NRFBIGSHOWARTICLE

Join us at the NRF16

From 17 to 19 january, we will attend to the Retail’s Big Show. Don’t hesitate to contact us if your want to meet. “NRF earned the nickname “Retail’s BIG Show” years ago and because the name was so appropriate, it stuck. Today, Retail’s BIG Show is NRF’s flagship industry event held annually in New York City. The four day event offers unparalleled education, collegial networking, and an enormous EXPO Hall full of technologies and solutions. After more than a century, Retail’s BIG Show is still the place – the only place – where you can see and experience all things Retail. It is truly one-stop-shopping for industry professionals from around the world. The BIG Show presents visionary leaders with game-changing ideas to help elevate your perspective of the industry and your business – then put this knowledge into motion. At the BIG Show, the entire horizon of possibilities available to get you to the next level come into focus as you explore innovative ideas and insights from your peers, partners and competitors.” Learn more here: http://bigshow16.nrf.com/about

OnlineVSOffline

Online vs Offline

If e-commerce is seen as more and more of a competitor to traditional shops, its share in retail sales only represented 6.0% in 2013 in France (6.9% expected in 2014). The most mature market in Europe is that of the UK (12.1% in 2013 with 13.5% expected in 2014) who are even placed in front of the US (10.6% in 2013). E-commerce however is a particularly dynamic sector. In 2014 the development of online sales will be 11.9 times greater on the European average than the development of traditional sales. In France, the rhythm of development of online sales will even be 17.3 times greater. It is also important to note that payment methods are not yet unanimous in Europe. Between the different Countries the methods chosen differ greatly: if the credit card is the principal method in France, other Countries prefer a bank transfer, prepaid card or even payment on delivery.

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Spending per e-shopper

Even though the frequency of purchases is very similar in Europe to the United States (13.3 v 13.9 purchases in 2013) the study reveals that the average value per customer purchase is much greater across the Atlantic (82.5€ in 2013, 46% greater than the European average of 56.40€). The British cyber-buyers are those who spend most and who, with the Germans, purchase most frequently; whereas France is placed 5th with an average value per customer purchase of 55.30€ and 14.1 products purchased on average in 2013. As for cyber-buyers annual spending, the Americans, with purchases up to 1143€ in 2013, have spent 52% more than European buyers (751€ on average), but often we find only 4% ahead of the UK (1094€). French cyber-buyers have spent on average 779€, an amount slightly higher than the European average.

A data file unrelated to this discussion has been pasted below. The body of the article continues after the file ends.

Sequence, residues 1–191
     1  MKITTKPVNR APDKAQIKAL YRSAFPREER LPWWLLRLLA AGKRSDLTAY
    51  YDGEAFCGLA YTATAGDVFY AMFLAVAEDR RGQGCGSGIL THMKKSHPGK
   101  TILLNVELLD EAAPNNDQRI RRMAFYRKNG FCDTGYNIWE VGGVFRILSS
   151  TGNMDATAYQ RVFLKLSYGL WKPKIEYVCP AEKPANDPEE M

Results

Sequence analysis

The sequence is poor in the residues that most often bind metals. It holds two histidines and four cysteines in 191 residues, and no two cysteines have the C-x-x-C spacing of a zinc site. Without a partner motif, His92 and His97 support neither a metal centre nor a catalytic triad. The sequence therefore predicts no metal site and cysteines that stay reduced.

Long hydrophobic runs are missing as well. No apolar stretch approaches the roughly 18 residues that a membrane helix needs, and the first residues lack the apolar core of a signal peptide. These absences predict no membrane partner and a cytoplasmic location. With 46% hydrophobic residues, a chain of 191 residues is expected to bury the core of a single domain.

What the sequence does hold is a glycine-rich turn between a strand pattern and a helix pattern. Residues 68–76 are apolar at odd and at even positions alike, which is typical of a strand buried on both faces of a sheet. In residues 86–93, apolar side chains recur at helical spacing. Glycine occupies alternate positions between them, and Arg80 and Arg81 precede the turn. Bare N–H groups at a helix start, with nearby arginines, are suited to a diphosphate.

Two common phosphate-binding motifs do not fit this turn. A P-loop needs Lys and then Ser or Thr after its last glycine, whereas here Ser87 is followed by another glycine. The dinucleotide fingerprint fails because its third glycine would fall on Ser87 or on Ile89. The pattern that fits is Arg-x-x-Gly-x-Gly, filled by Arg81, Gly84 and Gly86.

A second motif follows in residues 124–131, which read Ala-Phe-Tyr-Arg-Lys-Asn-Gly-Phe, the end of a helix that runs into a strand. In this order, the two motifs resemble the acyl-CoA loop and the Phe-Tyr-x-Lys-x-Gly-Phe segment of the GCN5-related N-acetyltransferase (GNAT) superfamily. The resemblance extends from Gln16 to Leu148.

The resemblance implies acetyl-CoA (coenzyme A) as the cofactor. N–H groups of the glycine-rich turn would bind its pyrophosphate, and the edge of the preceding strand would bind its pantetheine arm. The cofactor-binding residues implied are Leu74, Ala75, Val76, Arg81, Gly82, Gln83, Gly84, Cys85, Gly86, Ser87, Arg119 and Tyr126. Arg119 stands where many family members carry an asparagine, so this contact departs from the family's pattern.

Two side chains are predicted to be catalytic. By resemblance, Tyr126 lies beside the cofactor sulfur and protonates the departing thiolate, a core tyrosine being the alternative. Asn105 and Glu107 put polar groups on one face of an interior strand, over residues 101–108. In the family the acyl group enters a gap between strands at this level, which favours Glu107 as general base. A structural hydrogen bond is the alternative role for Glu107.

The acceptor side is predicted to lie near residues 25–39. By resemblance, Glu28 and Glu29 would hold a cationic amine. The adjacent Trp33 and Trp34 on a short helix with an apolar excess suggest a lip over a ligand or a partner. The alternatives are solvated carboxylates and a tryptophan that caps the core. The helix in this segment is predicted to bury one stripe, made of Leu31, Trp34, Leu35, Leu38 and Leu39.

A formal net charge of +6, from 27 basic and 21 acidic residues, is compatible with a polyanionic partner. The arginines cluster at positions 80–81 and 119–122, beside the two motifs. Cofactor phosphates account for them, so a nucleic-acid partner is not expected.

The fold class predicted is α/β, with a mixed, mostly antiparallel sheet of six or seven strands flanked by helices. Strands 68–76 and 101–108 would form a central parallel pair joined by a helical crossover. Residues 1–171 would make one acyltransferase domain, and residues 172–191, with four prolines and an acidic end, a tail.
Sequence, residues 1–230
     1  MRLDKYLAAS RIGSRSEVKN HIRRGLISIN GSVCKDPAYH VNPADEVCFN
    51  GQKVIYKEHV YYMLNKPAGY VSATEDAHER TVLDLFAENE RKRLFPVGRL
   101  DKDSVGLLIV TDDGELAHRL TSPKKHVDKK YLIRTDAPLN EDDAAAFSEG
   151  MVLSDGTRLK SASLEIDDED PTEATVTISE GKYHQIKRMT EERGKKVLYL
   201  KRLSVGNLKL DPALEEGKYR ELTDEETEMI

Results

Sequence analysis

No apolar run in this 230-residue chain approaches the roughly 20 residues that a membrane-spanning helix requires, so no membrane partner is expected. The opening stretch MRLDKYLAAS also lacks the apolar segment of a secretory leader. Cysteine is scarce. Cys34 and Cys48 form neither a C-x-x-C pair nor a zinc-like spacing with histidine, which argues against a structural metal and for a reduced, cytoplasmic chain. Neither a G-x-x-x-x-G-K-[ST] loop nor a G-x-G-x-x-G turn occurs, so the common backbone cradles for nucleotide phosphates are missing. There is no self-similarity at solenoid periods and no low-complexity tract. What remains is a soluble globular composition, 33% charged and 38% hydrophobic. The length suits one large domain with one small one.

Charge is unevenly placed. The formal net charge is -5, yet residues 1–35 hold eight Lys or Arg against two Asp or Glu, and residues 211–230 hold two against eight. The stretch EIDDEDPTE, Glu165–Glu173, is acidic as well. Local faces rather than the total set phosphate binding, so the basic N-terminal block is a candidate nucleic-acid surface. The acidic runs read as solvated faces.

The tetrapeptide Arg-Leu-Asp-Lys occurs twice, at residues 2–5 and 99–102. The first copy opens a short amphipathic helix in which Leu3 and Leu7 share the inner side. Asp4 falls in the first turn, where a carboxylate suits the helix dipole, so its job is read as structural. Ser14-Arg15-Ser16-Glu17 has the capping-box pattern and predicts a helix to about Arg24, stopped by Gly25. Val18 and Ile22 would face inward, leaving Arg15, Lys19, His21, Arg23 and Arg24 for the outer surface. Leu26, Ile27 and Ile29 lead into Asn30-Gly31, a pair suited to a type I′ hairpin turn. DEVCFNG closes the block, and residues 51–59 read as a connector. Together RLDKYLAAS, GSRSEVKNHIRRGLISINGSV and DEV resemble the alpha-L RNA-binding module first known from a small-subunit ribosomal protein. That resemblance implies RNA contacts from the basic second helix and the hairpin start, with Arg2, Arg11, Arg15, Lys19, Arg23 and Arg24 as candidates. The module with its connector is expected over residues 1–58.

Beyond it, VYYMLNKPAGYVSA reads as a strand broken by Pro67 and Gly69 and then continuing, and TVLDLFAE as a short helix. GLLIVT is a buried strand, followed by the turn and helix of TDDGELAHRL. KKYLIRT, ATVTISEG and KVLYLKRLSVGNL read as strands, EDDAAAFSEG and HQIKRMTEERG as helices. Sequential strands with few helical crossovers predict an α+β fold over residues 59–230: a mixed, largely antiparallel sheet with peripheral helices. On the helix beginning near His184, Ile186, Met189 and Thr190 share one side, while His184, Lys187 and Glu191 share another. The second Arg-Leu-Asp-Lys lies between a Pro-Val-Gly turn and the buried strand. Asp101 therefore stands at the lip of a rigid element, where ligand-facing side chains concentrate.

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E-Commerce in Europe: 2013 key figures and 2014-2015 prospects

The French are the third largest European online consumers behind the Germans and the British. In 2014, French cyber-buyers should spend 908€ each against 1267€ in the UK. The UK confirms its position as European e-commerce leader. 67% of the population have purchased online in 2013. This year, sales the other side of the Channel should generate in total 53B€, an increase of 15.8% on 2013 figures. Germany follows with 42B€ (+22%) and France is classed third (31B€, +17%). European e-commerce is growing more rapidly than in the USA but spending however does remain lower. If the total number of cyber-buyers is similar on the 8 key markets studied in Europe (175.2 million) and the United States (171.2 million), the weight of the American market is today 49% greater (196B€ spent in the US in 2013 against 132B€ in Europe). E-commerce represented 6% of retail sales in France in 2013 and should reach 6.9% in 2014. Online market growth will be 17.3 times greater in 2014 than the growth of traditional sales (16.5% v 0.9%) Online payment methods differ greatly depending on Country. E-shoppers in the UK, France and the US choose mainly credit cards, whereas the Spanish and Italians prefer a prepaid card, in Germany the most widespread method of payment is via bank transfer.